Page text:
the April number of the Monthly, we were not able to find any authentic portrait of either of them, or to learn that any existed. The publication of the sketch called out from Dr. W. H. Mills, of Syracuse, N. Y., the information that an engraved portrait of William Bartram was in existence, and formed the frontispiece to the second volume of the Cabinet of Natural History and American Rural Sports, published in Philadelphia in 1832 by J. & T. Dougherty. Through the kindness of Dr. Mills we have been able to procure this volume, and to have a copy made of this picture. Concerning the authenticity of the portrait, the statement is made in the Biographical Sketch of William Bartram, which is the first article in the volume, that "the accompanying portrait is a correct likeness of Mr. Bartram, and the only engraved one ever given to the American public." It will be observed that the date of the publication of this portrait was only nine years after Mr. Bartram's death.
The Schools of New York State.—According to the Report of State Superintendent Draper, while the number of children of school age in the State of New York appeared to be 22,823 less than in 1890, the number of children in attendance on the public schools (1,054,044) was greater by 11,884. Besides these, the private schools reported an attendance of 157,603, and the normal schools, academies, colleges, etc., 69,392 pupils of school age in 1891. Comparative tables of attendance show a steady increase in cities (270,926 to 513,066) since 1861, while the attendance in towns has fallen from 601,928 to 540,978. The superintendent calls attention to the insufficiency of the laws for compulsory attendance, and in view of crude features in the laws of some other States, he recommends the formation of a State Educational Commission, with sufficient powers to consider the whole subject of the school laws of the State. In view of the weakness of some of the school districts, the superintendent favors the consolidation of small and weak districts when it can be brought about without serious inconvenience to the children of school age. It is not to be overlooked, however, that the school must be at a convenient distance. In Massachusetts provision is made for the transportation of children to distant schools, and profitless schools have been abolished, while the children are now instructed for a longer term under teachers of more experience and skill. The superintendent recommends the township system of school organization for consideration. An increasing interest in Arbor Day is noticed. The celebrations are usually marked by appropriate literary exercises, with many ingenious and elaborate programmes. Interest in this work has been stimulated by the offer, by Mr. William A. Wadsworth, of prizes for the best-kept school-grounds. The vote upon the question of a State flower has resulted in a majority for the rose over the golden-rod. The attempt to provide textbooks to be published by the State has resulted disastrously wherever it has been made. The superintendent thinks that the result of such a policy would be bad, even if it were seemingly successful. It would discourage authorship, discontinue competition among makers, and stop the constant improvement in the matter, style, and character of the books which has been marked in the past.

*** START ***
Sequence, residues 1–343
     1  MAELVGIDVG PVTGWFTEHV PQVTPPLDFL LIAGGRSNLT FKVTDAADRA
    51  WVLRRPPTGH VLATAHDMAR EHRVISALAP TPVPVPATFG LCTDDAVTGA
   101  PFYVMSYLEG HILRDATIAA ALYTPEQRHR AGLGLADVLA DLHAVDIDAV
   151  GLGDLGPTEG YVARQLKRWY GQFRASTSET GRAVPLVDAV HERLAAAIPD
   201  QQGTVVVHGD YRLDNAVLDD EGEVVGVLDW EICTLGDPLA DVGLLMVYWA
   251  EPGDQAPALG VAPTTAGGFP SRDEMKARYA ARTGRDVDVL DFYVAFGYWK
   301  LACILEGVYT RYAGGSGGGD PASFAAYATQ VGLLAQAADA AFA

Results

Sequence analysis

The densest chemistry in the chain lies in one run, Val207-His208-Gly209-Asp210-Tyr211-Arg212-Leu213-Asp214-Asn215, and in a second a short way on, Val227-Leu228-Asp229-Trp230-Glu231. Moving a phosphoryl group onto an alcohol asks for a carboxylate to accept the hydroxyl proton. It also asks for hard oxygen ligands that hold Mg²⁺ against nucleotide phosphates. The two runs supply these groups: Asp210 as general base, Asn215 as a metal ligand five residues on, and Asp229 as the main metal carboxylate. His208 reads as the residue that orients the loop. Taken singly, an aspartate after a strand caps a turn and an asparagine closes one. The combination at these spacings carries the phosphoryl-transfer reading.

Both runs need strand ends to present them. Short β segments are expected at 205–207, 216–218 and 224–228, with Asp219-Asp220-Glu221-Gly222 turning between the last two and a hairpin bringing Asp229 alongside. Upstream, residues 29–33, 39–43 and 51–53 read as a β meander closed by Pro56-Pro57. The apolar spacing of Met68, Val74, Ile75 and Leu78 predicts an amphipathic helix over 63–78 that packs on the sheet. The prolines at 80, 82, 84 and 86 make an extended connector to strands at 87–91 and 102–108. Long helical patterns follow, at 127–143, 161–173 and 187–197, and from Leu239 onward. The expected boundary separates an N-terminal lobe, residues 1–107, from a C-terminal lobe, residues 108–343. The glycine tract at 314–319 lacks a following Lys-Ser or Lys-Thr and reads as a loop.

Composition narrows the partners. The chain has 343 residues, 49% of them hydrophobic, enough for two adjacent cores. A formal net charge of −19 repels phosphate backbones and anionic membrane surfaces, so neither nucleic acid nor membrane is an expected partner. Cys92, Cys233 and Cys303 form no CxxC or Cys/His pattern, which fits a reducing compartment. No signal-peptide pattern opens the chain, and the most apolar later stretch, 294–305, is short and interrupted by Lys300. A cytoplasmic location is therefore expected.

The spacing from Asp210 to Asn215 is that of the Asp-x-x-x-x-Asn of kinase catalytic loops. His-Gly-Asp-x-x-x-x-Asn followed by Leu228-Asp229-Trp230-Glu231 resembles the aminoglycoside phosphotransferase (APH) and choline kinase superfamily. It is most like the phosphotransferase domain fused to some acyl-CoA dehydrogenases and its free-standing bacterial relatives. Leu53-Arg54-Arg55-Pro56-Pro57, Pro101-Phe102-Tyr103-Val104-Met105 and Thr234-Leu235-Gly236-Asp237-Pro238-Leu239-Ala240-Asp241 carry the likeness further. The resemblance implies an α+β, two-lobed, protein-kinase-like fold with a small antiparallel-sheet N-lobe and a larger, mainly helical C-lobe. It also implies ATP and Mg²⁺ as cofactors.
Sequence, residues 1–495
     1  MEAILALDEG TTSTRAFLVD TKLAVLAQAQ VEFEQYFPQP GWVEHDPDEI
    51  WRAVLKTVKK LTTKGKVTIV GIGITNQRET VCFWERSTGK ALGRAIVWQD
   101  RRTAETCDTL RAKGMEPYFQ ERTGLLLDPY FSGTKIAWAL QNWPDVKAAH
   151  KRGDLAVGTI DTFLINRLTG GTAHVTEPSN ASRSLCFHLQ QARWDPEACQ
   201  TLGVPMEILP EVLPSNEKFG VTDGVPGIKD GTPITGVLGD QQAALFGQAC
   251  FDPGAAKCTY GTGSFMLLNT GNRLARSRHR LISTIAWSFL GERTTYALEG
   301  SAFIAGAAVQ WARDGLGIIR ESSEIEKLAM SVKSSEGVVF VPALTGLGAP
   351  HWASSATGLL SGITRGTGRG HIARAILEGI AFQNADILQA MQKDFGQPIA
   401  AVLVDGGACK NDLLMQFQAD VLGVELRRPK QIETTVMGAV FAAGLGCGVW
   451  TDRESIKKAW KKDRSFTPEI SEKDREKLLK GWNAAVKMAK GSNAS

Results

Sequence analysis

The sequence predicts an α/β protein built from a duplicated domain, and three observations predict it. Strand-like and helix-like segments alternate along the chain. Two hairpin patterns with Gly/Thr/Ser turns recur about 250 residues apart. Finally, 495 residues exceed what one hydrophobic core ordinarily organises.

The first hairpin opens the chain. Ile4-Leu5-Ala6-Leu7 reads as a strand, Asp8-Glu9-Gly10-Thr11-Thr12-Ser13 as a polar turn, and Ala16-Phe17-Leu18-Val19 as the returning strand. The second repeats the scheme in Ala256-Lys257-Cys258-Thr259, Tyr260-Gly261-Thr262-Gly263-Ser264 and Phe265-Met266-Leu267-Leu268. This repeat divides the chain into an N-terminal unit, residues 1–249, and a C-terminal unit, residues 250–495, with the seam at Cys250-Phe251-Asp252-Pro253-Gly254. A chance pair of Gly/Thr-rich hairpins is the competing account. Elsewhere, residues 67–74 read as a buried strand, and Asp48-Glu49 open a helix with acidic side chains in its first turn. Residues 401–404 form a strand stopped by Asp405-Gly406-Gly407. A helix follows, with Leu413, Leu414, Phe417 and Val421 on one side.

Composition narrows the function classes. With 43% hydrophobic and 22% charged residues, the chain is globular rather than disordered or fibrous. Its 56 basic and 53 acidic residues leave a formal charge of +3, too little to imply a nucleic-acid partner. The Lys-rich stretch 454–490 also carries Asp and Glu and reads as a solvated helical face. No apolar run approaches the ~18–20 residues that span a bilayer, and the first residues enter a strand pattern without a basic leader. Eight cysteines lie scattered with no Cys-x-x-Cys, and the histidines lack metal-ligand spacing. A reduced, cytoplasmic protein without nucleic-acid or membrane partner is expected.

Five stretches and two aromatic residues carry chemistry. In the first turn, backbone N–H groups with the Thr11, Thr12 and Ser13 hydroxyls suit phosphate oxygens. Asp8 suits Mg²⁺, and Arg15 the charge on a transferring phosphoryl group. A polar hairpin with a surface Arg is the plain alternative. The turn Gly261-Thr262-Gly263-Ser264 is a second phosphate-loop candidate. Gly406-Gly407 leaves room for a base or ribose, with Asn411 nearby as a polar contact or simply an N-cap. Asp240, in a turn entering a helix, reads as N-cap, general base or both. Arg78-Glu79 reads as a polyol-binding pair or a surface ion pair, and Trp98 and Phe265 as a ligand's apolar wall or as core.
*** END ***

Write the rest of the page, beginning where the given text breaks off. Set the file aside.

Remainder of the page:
Barrel-making.—Few people, says Chambers's Journal, though all are familiar with the barrel, have probably been at pains to consider the skill and ingenuity which have succeeded in bringing to perfection an invention as scientific as beneficial all the world over; and probably fewer still are conversant with the brain-power and time which have been expended in attempts to produce machinery for manufacturing them. Barrels were in use as far back as the time of Pliny, who says they were invented in the Alpine valleys. A cask is a double conoid that is, it has its greatest diameter or its bulge or belly in the center. The stave is curved lengthwise to form the bulge and crosswise to form part of the circumference of the cask; while the edges must receive the exact bevel to fit those on either side along their entire length. Then the staves have to be "chimed" or beveled at the ends, and furnished with a "croze" or groove, into which to fit the heads; and hooping completes the manufacture of the cask. A new invention, by a Mr. Oncken, is in full operation at Merxem, in Germany, for turning out casks from one piece of wood. In the process the stem of a tree is cut into lengths corresponding to